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How to Use
the Map


Inquiry Question

Historical Context




Table of

Locating the Site

Map 1: Mammoth Cave National Park and surrounding region.[Map 1] with link to higher quality map.

Map 2: Portion of a map drawn by guide
Stephen Bishop, 1845.
[Map 2] with link to higher quality map.
(Courtesy of the Cave Research Foundation)

Map 3: A modern map of underground trails in Mammoth Cave National Park.[Map 3] with link to higher quality map.
(Mammoth Cave National Park)

Questions for Maps 1-3

1. Using Map 1, note the location of Mammoth Cave National Park within the state of Kentucky.

2. Map 2 was drawn by Stephen Bishop, a slave and famous Mammoth Cave explorer. Many similar maps have been drawn through the years as people continue to discover previously unknown passages. How would one go about exploring and mapping passageways that twist, turn back on themselves, and continually change levels? What problems do you expect Bishop encountered in drawing his map of the cave? Would you like to use this map if you were going to tour the cave? Why or why not? What is missing that would be important to know?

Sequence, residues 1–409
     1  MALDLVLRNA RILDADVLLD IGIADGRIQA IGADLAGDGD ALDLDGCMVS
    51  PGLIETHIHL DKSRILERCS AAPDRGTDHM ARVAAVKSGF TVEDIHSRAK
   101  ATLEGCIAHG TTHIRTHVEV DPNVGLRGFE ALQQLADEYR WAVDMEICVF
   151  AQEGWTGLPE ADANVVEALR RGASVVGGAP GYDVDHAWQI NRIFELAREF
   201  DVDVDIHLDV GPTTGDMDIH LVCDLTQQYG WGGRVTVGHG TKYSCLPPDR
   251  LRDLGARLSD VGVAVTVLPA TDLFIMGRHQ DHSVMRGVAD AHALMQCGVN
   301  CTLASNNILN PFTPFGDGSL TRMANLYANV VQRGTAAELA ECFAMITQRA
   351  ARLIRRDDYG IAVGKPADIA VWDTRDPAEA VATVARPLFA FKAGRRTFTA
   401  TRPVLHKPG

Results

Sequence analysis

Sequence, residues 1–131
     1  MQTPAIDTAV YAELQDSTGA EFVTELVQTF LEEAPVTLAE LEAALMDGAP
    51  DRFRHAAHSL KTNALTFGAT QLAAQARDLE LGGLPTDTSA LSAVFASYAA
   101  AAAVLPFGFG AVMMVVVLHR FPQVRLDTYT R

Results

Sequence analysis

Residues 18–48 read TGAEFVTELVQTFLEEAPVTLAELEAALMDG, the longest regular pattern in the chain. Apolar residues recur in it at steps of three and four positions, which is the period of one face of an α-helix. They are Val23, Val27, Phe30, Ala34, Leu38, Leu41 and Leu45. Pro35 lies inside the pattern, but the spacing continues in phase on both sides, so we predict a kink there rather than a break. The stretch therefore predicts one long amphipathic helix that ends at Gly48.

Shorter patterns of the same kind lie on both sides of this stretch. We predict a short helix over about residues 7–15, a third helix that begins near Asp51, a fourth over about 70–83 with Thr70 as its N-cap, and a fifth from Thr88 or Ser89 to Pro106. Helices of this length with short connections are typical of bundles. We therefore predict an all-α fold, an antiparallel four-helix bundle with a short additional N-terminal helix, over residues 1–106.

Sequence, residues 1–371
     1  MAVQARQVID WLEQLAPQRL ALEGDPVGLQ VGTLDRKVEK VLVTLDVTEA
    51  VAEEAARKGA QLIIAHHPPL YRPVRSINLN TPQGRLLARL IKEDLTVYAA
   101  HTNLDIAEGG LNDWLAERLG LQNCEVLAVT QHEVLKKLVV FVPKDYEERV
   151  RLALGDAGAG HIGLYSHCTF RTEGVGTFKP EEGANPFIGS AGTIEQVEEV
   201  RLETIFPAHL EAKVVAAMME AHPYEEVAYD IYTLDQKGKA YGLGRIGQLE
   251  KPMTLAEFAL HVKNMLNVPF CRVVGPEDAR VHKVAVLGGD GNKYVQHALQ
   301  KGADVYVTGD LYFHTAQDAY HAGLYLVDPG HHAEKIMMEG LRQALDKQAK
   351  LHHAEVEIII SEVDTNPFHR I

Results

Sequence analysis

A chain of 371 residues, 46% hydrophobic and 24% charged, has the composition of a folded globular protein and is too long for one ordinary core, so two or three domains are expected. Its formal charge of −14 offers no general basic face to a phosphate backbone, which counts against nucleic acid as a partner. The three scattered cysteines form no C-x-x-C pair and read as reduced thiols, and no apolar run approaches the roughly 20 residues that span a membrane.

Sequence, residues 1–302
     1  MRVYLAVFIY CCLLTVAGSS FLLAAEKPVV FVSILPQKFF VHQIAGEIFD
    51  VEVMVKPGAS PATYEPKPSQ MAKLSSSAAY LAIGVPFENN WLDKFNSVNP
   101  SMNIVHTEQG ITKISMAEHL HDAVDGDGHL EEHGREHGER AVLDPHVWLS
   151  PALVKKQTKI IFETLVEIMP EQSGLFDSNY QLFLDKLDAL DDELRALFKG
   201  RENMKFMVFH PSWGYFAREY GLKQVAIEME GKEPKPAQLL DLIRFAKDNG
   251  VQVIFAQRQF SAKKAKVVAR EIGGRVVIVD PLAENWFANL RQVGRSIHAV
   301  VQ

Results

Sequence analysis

3. Study Map 3. What features can you find on both Maps 2 and 3? What do you think was the origin of some of the names given to areas of the cave? Why would it be important to assign names to various features and segments of the cave? Why is Map 3 easier to read than Map 2? Which map would be most useful and interesting for a tourist? a spelunker? a historian?

* The maps on this screen have a resolution of 72 dots per inch (dpi), and therefore will print poorly. You can obtain a high quality version of Map 1, Map 2, and Map 3, but be aware that the files may take as much as 30 seconds to load with a 28.8K modem.



Comments or Questions

National Park Service arrowhead with link to NPS website.